The story of Orpheus and Euridice was quite popular, and had been the subject of theatrical music before this. However, it is no coincidence that it was chosen by three composers: Caccini, Peri and Monteverdi. It was not just a good story; it was also programmatic. The myth of Orpheus and Euridice was a metaphor for the marriage of poetry and music. Orpheus's singing serves his plea for Euridice being returned to him. It is music which gives additional weight to his words. That was exactly what the role of music should be, according to Caccini.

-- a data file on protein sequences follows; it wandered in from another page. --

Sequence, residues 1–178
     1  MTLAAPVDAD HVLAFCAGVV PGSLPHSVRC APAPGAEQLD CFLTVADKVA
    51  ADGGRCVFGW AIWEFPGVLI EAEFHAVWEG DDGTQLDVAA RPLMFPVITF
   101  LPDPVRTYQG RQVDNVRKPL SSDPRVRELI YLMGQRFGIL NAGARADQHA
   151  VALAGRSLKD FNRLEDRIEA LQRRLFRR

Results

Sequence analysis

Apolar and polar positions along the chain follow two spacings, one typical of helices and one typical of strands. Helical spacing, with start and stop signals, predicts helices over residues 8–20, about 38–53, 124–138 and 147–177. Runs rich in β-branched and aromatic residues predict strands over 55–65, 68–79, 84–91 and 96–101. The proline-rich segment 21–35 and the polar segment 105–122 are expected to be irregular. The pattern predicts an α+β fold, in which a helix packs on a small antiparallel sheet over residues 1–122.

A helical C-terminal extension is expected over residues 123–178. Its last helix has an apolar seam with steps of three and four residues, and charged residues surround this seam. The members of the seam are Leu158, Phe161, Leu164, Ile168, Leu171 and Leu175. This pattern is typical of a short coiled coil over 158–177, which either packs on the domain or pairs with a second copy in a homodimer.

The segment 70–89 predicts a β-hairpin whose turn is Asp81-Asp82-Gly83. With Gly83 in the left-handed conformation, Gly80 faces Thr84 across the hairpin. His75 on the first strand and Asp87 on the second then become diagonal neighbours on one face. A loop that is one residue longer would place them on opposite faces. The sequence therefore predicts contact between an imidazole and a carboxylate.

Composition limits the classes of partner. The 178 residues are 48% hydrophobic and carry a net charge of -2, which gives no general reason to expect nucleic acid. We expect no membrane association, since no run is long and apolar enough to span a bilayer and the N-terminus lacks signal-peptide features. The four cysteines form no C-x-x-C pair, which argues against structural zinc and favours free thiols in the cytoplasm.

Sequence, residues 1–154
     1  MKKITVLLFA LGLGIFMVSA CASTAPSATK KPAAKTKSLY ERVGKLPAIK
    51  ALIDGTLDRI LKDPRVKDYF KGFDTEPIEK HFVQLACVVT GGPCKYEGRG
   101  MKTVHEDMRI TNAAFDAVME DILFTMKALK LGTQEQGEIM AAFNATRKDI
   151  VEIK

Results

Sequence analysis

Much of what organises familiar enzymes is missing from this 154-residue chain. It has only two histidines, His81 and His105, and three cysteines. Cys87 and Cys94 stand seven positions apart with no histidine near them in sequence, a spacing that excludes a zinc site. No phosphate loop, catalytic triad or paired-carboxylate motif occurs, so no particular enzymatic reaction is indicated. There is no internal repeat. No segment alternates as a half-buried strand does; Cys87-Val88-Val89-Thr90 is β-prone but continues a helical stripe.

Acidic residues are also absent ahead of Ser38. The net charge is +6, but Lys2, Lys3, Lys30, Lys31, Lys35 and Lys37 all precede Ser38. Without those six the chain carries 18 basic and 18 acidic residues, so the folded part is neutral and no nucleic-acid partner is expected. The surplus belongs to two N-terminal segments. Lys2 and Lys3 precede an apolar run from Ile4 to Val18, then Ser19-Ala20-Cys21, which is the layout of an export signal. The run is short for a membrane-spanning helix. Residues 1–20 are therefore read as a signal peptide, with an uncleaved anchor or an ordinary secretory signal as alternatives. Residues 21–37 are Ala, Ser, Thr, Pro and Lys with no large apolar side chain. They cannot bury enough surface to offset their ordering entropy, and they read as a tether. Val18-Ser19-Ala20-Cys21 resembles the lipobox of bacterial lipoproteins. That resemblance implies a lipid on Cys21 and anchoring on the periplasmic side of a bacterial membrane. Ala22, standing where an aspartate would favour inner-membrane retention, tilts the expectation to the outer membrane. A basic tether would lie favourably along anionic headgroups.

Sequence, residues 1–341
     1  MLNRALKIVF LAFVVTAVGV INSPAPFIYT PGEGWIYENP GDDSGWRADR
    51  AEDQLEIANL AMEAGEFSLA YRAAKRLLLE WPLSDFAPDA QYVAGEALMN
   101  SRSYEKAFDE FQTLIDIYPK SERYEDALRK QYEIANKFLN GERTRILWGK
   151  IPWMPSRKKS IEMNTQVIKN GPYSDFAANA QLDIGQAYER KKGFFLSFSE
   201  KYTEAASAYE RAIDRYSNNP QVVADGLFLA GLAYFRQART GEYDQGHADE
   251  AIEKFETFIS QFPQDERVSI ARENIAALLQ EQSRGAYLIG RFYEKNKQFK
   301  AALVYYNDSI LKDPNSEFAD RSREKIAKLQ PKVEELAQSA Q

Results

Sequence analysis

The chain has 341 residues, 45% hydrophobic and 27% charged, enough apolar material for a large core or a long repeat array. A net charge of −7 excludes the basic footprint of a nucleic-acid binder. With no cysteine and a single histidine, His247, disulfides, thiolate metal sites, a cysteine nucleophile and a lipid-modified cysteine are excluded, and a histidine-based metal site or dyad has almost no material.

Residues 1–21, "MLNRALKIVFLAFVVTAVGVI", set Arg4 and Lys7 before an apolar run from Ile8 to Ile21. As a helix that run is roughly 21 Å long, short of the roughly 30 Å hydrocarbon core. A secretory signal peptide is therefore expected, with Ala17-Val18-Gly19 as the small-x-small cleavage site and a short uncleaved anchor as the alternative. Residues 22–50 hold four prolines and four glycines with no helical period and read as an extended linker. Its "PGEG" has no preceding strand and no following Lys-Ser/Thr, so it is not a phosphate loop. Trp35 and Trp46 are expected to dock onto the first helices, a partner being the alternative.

The opera here is divided into a prologue and six scenes. The singers represent a number of characters, sometimes more than one, and together sing the choruses. Considering the relatively small space where the first performance took place it seems plausible to assume that these choruses were sung by the soloists. There are no parts for instruments; the singers are supported by the basso continuo alone. This allows the singers to deliver the text to maximum effect. It also gives them the opportunity to treat the rhythm of the music with considerable freedom. Moreover, the singers were expected to add ornamentation in order to emphasize elements of the text. As the settings by Caccini and Peri were performed on the occasion of a wedding, they both have a happy end, unlike Monteverdi's L'Orfeo which was first performed in 1607. Notable are the narrative episodes: we hear about the fate of Euridice through an eye-witness account by Dafne, whereas Arcetro reports Orpheus's reaction to the news of Euridice's death. Orpheus' role is more limited than in Monteverdi's setting.